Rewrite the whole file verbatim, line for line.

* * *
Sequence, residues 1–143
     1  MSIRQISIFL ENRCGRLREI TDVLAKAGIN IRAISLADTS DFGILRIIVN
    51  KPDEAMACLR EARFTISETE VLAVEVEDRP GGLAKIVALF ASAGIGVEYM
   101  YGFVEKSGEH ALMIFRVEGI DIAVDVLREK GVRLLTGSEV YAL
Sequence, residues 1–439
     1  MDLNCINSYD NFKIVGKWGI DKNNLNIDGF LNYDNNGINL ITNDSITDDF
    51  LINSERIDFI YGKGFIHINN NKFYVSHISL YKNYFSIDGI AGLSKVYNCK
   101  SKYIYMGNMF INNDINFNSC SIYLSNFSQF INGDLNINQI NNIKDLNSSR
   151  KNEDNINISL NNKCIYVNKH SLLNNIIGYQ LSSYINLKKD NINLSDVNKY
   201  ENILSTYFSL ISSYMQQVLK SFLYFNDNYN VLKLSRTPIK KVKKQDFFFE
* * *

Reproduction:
Sequence, residues 1–143
     1  MSIRQISIFL ENRCGRLREI TDVLAKAGIN IRAISLADTS DFGILRIIVN
    51  KPDEAMACLR EARFTISETE VLAVEVEDRP GGLAKIVALF ASAGIGVEYM
   101  YGFVEKSGEH ALMIFRVEGI DIAVDVLREK GVRLLTGSEV YAL
Sequence, residues 1–439
     1  MDLNCINSYD NFKIVGKWGI DKNNLNIDGF LNYDNNGINL ITNDSITDDF
    51  LINSERIDFI YGKGFIHINN NKFYVSHISL YKNYFSIDGI AGLSKVYNCK
   101  SKYIYMGNMF INNDINFNSC SIYLSNFSQF INGDLNINQI NNIKDLNSSR
   151  KNEDNINISL NNKCIYVNKH SLLNNIIGYQ LSSYINLKKD NINLSDVNKY
   201  ENILSTYFSL ISSYMQQVLK SFLYFNDNYN VLKLSRTPIK KVKKQDFFFE